While a large US troop presence in Afghanistan should shock no one, the Pentagon decided to come clean, and reveal that there are approximately 11,000 American troops serving in Afghanistan.
The troop number is thousands higher than previous reports, and highlights just how bogged down the United States is in Afghanistan…a 17 year war that the US has no idea how to win, or what victory even looks like.
With another 4,000 plus US troops on the way, expect America to be in Afghanistan for another 17 years.
The Gateway Pundit reports that Defense Department spokeswoman, Dana White, stated that the new number does “not represent an increase in troops in the country,” but with the influx of new troops spurred by the McMaster-wing of the White House, the roughly 8,400 troops in Afghanistan – a cap set during the Obama years – is seemingly increasing.
White claimed that the new number comes on the heels of Defense Secretary James Mattis reversing the method previously used for counting troops, these methods left off shorter missions and partial-unit deployments, as well as various other factors.
The changes, according to White, are in place to “enhance the trust the public has placed in the department,” and that the new total is allegedly only “approximate” and for “operational security” purposes, according Joint Staff Director Marine Corps Lt. Gen. Frank McKenzie, Jr.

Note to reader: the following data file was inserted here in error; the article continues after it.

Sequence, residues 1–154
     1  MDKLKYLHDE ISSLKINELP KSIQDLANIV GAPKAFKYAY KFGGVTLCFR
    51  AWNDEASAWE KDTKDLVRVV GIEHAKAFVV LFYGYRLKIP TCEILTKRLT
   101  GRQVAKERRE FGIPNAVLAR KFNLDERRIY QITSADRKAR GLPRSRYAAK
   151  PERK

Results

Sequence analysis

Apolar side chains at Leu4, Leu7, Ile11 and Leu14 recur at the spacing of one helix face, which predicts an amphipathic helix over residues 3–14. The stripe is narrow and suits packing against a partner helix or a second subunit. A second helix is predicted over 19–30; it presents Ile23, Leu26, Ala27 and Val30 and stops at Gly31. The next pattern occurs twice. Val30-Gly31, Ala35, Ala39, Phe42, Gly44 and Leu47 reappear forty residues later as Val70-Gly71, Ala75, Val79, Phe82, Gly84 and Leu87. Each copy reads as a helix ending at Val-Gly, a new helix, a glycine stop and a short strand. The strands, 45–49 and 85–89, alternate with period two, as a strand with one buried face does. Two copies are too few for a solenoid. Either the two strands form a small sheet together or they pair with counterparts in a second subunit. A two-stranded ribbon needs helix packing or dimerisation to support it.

White also failed to comment on the troop level details for Iraq and Syria, where thousands more troops are serving, she cited, “each operational theater” being “different”.
It’s known within defense circles that there are far more troops in Afghanistan, Syria and Iraq than the Pentagon officially admits. Due to the Obama-era troop caps, commanders artificially keep the public troop count lower by moving forces around in the region and using specific personnel accounting methods.
Following the announcement, House Armed Services Committee Chairman Mac Thornberry (R-Texas) applauded what he said was a decision by the White House and Pentagon to “put the facts on the table.” He also took a swipe at the previous president.
“The Obama Administration did not shoot straight on how many people they sent to Afghanistan, which added cost to the mission and made it harder to succeed,” he said in a statement. “It is important to be upfront about the importance of the mission and what it takes to succeed.”